Shipping work often involves a number of different employers and/or contractors who can all affect each other’s activities. These may include harbour authorities, port operators, stevedoring firms, hauliers, ships’ masters and crew.

It's important to have strong and effective health and safety systems in place. These should ensure co-operation, co-ordination and communication between all workers. There are a number of measures you can put in place to ensure effective health and safety in ports and shipping, including risk assessments and training.Most transport-related accidents in ports are serious or fatal. Many different employers’ drivers use ports. Not all of these drivers will be familiar with the port environment. Workplace transport safety will only be managed properly if everyone works together.

Port Hazards

Typical workplace transport hazards in ports

  • Loading and unloading of vehicles
  • Movement of forklift trucks and other plant on the dockside
  • Trailer coupling and uncoupling on the dockside and on the ship
  • Vehicle/pedestrian access
  • Reversing vehicles on ro-ro decks
  • Movement of forklifts in container storage areas and lorry parks

How to reduce workplace transport risks

  • Provide appropriate signage and markings
  • Vehicles and pedestrians should be separated where they share the same workspace. This may involve excluding pedestrians from certain areas or providing separate pedestrian routes
  • Forklifts and other vehicles should be safe, provided with suitable visibility aids, regularly maintained, repaired and inspected
  • All drivers should be fit and competent to operate all the vehicles they use at work

Sea Hazards

Some of the most dangerous weather-related threats to shipping by sea are hurricanes, squalls, typhoons and tropical cyclones. All of these types of storms can cause serious harm to, or even completely sink, cargo vessels.While hurricanes, typhoons, and tropical cyclones tend to occur in different parts of the world, they all involve violent wind, torrential rain and surging waves. Hurricane winds can be so powerful that they reach 160 miles per hour.Use the strongest and most seaworthy ships possible. Modern container ships are designed to withstand most storms. In fact, materials engineers now use computers to model the stresses on ship hulls. Once they get the information, they create steel able to withstand the measured stresses.This technique of generating extremely strong reinforced steel, along with using older engineering strategies, such as watertight doors, help to make modern ships very safe.Modern day container ships are also very large, which can help them ride out the intense waves during storms.Size can definitely be a factor when it comes to safety. The world’s largest container ship, the CSCL Globe, is so large it can carry over 19,000 shipping containers. It's bulk allows it to better withstand high winds.But, they are not completely invulnerable to storms.Dodge major storms wherever possible. Advances in weather detection and meteorology have made it possible to anticipate storms much better than in the past.Shipping companies often make use of this information to help steer their ships out of harm’s way. Teams of meteorologists monitor weather patterns and pass information to captains so they can make decisions with as much information as possible.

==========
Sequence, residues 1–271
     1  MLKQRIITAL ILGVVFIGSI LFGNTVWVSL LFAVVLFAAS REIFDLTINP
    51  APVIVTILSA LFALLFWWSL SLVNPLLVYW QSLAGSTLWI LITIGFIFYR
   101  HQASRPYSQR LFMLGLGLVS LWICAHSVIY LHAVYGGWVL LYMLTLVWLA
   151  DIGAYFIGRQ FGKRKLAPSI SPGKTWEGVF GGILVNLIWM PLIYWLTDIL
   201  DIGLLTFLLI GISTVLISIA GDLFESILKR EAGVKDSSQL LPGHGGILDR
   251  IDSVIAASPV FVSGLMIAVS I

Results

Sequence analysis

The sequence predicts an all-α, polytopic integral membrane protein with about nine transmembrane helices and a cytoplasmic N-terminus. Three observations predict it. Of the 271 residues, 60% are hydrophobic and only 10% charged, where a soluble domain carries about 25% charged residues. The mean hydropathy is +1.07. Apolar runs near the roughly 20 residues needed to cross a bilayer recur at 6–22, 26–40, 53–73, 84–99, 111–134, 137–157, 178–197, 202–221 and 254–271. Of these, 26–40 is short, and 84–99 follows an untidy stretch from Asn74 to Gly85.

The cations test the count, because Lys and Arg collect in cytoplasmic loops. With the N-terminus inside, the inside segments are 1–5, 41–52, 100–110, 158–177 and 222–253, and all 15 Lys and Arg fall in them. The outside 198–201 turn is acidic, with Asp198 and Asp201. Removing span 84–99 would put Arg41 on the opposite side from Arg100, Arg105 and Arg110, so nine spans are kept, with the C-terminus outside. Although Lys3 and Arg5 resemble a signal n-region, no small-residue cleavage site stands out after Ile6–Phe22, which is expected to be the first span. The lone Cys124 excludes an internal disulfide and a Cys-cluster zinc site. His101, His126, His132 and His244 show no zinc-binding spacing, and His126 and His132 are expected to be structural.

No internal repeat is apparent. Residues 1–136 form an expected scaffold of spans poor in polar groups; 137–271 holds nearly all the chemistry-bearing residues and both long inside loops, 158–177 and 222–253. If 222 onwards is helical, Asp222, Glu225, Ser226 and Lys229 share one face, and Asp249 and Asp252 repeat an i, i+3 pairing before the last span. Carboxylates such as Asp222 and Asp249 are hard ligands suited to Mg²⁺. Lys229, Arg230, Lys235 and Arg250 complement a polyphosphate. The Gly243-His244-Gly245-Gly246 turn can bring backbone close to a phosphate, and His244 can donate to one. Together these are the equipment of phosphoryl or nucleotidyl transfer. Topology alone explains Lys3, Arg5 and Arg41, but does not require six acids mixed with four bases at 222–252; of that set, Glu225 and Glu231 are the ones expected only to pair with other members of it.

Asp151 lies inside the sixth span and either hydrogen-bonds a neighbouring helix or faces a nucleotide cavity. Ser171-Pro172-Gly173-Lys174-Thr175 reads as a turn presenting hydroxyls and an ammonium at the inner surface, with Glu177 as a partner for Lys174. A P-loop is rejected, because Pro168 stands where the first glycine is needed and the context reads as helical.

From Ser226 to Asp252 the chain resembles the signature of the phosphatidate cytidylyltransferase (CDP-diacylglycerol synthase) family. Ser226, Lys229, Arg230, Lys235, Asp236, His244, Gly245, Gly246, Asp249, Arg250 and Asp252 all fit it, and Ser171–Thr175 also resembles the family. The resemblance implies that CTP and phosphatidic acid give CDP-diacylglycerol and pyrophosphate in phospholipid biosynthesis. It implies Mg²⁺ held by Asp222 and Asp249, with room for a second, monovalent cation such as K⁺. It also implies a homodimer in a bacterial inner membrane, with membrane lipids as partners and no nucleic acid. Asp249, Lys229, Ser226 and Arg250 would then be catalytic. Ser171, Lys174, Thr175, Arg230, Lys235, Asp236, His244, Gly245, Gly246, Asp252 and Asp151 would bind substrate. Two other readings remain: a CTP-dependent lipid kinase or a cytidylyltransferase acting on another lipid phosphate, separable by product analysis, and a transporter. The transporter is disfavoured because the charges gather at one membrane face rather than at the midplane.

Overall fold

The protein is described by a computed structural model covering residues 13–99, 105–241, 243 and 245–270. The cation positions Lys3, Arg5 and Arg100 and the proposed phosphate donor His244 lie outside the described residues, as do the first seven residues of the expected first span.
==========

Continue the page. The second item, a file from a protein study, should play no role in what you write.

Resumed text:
Technical Problems

Technological hazards include structural problems, engine issues, navigational equipment failures and so on. For example, in 2009, an entire crew of 28 people had to be rescued by the U.S. Coast Guard from the container ship APJ Suryavir, when its engine failed in poor weather south of Alaska.Make sure you have your cargo firmly secured. High winds can potentially cause "domino effects" that threaten an entire ship in some cases.Another important technological hazard is the loss of shipping containers during voyages. Such incidents can create significant losses, as well as potentially damage the ship, or other ships that pass by later on.The World Shipping Council estimates that 675 shipping containers are lost at sea every year. If you consider the fact that a typical container can hold 25-30 tons of goods and a ship can carry 1,000 containers, losing a ship represents a huge financial loss.Thorough inspection of equipment before ships set sail is key. Inspections, testing and certifying cargo ships helps keep them in a safe and working state.Keep equipment up-to-date. If you can see there’s damage somewhere on the hull of the ship, or if any of the machinery on board isn’t working properly, it’s important to get the fixes made before the ship sails, even if it requires a delay in departure.While it’s obviously best to always be on time, it’s better to delay slightly than to risk your safety to make a deadline.


Keep up to date with PHL and all things forklift machinery.